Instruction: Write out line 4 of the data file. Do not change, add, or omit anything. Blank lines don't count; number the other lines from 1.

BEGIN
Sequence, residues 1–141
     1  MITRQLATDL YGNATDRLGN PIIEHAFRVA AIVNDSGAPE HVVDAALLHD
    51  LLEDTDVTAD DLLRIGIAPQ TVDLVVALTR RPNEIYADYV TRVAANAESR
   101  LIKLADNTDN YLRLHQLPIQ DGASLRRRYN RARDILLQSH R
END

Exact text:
   101  LIKLADNTDN YLRLHQLPIQ DGASLRRRYN RARDILLQSH R